Netherlands' "ugliest" city home to huge solar power venture

16th March 2008, Comments 0 comments

The central Dutch city of Almere is to be home to the world's third-largest solar energy installation, built on a 7,000-square-metre artificial island, and is set to provide 10 percent of the city's domestic hot water.

The solar energy installation will provide around 10 per cent of the energy used to supply hot water to some 2,700 homes in the city.

On February 29, Almere and the energy provider Nuon signed a contract for the development of the solar power field.

"The size of this solar power field is unprecedented in the Netherlands," Nuon press spokeswoman Susanne Klawer told Deutsche Presse-Agentur dpa.

"It is also the third largest solar power field in the world. Only Denmark and Sweden have bigger ones."

With an area of 7,000 square metres, the size of approximately three football fields, the solar power field covers just less than half the surface of the 15,000-square-metre island. The solar power island is scheduled to open on June 21, 2009 - a symbolic date since June 21 is the longest day in the northern hemisphere.

The energy will be used for a city-heating system.

Usually, each home has its own central heating boiler or immersion heater which heats up the water used in a home's radiators and taps. In city heating, the water is heated centrally for an entire city or city quarter.

Once heated, the water runs through an underground system of pipes and tubes to all homes and buildings, providing them with hot water for heating and domestic use.

Nuon and the municipality claim the solar collector island will not only be environmentally-friendly, but also "a landmark piece of design."

It is, however, doubtful the Dutch inhabitants will agree with that.

Almere, founded in 1976 and now with some 178,000 inhabitants, has traditionally advertised itself as a city of modern and trendy design - but the Dutch public perceive it as desolate and boring.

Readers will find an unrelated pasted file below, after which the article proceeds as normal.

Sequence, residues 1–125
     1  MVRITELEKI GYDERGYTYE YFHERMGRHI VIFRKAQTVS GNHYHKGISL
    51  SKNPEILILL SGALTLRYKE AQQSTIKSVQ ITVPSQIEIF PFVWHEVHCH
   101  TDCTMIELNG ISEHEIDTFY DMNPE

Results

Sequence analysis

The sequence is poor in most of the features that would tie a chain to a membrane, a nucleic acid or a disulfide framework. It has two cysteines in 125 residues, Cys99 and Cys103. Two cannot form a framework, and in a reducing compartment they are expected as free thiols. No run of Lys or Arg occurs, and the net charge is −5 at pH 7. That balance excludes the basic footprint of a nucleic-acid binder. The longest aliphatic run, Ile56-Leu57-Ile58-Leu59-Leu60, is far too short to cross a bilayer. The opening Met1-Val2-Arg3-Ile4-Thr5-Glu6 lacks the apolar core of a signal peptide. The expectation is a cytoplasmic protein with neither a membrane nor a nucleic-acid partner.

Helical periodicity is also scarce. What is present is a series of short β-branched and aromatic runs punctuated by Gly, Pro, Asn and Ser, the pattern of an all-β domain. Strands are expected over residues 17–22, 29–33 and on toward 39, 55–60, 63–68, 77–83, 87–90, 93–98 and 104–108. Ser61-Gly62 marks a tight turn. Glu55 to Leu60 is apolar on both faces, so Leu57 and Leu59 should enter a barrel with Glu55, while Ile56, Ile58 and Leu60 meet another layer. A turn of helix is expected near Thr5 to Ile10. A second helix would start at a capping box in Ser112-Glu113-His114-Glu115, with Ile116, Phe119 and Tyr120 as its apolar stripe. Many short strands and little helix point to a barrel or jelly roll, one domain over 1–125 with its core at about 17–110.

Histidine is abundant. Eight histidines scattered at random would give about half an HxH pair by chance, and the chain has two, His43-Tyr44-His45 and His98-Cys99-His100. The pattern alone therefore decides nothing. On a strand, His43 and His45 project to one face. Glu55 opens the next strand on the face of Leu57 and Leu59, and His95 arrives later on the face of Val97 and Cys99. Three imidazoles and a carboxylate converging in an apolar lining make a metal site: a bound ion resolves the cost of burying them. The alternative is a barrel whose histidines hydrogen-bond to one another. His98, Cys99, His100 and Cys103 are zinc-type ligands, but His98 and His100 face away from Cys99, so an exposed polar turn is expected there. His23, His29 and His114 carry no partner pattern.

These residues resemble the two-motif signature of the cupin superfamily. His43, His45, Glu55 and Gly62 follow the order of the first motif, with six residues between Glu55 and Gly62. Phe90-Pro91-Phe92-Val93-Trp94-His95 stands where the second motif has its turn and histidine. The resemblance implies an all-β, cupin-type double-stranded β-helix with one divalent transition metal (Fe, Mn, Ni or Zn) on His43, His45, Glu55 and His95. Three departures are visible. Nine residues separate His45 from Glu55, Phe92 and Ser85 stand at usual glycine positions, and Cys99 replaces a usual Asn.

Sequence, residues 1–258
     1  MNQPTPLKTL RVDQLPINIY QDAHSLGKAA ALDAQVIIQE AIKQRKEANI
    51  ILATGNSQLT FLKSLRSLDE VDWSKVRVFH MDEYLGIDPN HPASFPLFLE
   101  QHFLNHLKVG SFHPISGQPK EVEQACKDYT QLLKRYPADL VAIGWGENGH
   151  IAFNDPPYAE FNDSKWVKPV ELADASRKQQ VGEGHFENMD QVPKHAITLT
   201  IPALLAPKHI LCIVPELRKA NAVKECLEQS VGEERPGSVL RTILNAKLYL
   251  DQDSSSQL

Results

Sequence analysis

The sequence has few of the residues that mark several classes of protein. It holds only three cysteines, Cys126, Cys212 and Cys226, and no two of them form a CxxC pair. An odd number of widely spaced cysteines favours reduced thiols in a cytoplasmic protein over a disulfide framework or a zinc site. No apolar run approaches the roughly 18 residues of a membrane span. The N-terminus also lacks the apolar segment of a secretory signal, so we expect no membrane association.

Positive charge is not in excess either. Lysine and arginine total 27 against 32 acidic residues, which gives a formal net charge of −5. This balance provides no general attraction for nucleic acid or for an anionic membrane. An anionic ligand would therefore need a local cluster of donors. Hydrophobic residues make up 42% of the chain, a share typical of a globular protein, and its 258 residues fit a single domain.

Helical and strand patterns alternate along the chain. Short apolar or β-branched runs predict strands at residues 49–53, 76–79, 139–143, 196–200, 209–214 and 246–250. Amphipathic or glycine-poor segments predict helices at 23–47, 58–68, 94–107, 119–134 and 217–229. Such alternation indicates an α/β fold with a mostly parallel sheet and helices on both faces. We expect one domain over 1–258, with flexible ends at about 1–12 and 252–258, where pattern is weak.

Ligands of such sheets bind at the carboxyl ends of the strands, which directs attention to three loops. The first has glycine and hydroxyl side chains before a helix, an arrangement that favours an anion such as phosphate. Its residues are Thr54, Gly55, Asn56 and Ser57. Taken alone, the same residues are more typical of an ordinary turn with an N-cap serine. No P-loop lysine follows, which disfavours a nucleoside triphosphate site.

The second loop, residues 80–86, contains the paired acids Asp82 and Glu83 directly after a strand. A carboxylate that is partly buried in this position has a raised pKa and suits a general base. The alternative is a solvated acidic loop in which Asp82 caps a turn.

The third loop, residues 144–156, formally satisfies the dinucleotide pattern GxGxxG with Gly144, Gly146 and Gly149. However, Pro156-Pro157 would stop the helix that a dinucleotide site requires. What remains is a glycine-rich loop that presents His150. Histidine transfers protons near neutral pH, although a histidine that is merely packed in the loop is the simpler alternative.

Late last week, Almere was dubbed as the "ugliest city of the Netherlands" after a survey by the Dutch daily Volkskrant newspaper.

Nuon says the sun collectors are expected to cut by 50 per cent the carbon dioxide levels required to generate the necessary energy for the 2,700 homes.

"The sun collector island is one of several large-scale revolutionary initiatives by Almere that will benefit the environment," says Almere spokesman Peter Spek.

"We have also commissioned American architect William McDonough to develop an entire cradle-to-cradle neighbourhood, called Almere Poort (Gate of Almere). It will be completed within the next five years," he says.

Cradle-to-cradle is the theory that says everything humanity needs can be made from environmentally-friendly, 100-per-cent sustainable material.

In 2002, McDonough and German chemist and university professor Michael Baungart published their theory in a book Cradle to Cradle: Remaking the Way We Make Things.

The two have since been commissioned to develop a number of cradle- to-cradle projects.

Last year, the town of Venlo in the southern Netherlands began to develop Western Europe's largest horticulture centre - serving some 30 million consumers within a 150-kilometre radius stretching from the Netherlands to Germany's industrial Ruhr heartland - according to the cradle-to-cradle ideology.

Almere, the eighth largest city of the Netherlands, has now followed suit.

"Almere Poort will contain sustainable homes and the energy provided for these homes will also originate from sustainable energy," says Spek.

Asked whether the consumer will also benefit financially from solar energy, Nuon spokeswoman Klawer diplomatically says "the consumer will not see prices rise."

Spek points out that "building a sun collector field and other environmentally-friendly facilities requires a major investment."

"Someone has to pay for that," he adds.

Nuon says it is receiving a 1.5 million euros (2.27 million dollars) subsidy for the solar collector project, as part of European Union projects Crescendo and Concerto.

Asked about the total costs of the project and the number of years until the investment will start to pay off for Nuon, the company says it "does not release such information until after the project has been completed."


DPA/  Rachel Levy,


[Photo credit: Cermivelli ]



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